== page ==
I take a breather from yesteryear as the kilometres accumulate and the place names flash by – Krugersdorp, Ventersdorp, Coligny – and I wonder what, if anything at all, I would have asked some of their most famous inhabitants if I had the chance to stop for a cup of coffee, or something stronger perhaps. Would I have told white supremacist Eugene Terreblance, the erstwhile leader of the Afrikaner Weerstandbeweging (a far right wing Afrikaner organization) that I was on Church Square in Pretoria (8 March 1992) as a journalism student when he fell off his big black horse? Or what about former South African high jump queen Hestrie Cloete and her parents? Would they have opened their door for me, given the strained relationship between the athlete, her parents and the media alike?
Regardless, even if I wanted to drop in for a cuppa or a pint, I don’t have the option anymore. ET (as Eugene Terreblanche was ‘affectionately’ known) was murdered on his farm outside Ventersdorp on 3 April 2010 while Hestrie married a local artist (2005) and moved to New Zealand (2008). And she doesn’t accompany her husband on his return trips to South Africa when he performs at supermarkets and grocery stores and announces the daily specials at the same time.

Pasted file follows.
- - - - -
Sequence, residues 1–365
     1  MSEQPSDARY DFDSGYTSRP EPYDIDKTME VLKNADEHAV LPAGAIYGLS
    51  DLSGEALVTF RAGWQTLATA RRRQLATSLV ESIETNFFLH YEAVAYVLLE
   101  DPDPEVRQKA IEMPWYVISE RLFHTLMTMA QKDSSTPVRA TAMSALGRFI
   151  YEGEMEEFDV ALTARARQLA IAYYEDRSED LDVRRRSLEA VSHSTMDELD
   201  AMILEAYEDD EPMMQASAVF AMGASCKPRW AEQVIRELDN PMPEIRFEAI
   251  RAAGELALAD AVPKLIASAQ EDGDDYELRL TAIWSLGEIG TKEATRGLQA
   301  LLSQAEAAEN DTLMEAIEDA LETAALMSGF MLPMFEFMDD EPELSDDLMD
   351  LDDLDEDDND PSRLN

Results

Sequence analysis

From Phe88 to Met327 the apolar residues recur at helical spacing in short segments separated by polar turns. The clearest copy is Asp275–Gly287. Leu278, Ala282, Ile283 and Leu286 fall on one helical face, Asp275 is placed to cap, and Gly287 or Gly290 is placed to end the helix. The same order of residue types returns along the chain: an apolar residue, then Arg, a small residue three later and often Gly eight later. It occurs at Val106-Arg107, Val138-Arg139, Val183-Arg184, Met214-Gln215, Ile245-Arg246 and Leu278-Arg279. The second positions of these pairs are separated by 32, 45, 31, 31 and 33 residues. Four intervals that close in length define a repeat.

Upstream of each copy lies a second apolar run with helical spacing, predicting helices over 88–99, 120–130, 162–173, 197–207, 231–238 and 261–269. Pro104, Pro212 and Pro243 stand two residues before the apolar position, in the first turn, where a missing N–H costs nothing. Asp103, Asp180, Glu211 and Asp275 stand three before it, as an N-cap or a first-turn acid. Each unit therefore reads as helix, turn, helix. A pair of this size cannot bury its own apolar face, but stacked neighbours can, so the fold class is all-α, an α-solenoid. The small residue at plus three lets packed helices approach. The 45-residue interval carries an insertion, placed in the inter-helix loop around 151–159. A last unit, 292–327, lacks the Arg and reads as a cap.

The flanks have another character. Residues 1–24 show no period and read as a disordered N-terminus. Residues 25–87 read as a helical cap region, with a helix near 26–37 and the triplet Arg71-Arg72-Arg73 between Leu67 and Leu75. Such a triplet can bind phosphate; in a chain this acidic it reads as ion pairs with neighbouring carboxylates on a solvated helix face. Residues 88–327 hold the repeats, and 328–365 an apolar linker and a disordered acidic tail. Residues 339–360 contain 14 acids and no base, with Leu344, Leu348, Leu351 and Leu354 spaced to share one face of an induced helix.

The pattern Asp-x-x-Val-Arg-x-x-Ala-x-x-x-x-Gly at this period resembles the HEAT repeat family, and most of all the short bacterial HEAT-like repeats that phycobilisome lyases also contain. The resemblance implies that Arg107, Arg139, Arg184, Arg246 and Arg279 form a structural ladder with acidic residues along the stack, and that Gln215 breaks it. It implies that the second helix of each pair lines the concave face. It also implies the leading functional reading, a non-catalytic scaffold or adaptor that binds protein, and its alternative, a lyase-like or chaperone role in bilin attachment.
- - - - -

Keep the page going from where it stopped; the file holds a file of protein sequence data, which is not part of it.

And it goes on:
I pass Sannieshof, Delareyville and Vryburg on my way to Kuruman, my overnight stop that will leave me just a couple of hours to go to my final destination tomorrow. As these settlements come and go in the rearview mirror, I can’t help but to start echoing The Boss, given my train of thought…
On through the houses of the dead, past those fallen in their tracks
Always moving ahead and never looking back
Now I don’t know how I feel, I don’t know how I feel tonight
If I’ve fallen ‘neath the wheel, if I’ve lost or I’ve gained sight
I don’t even know why, I don’t know why I made this call
Or if any of this matters anymore after all
But the stars are burning bright like some mystery uncovered…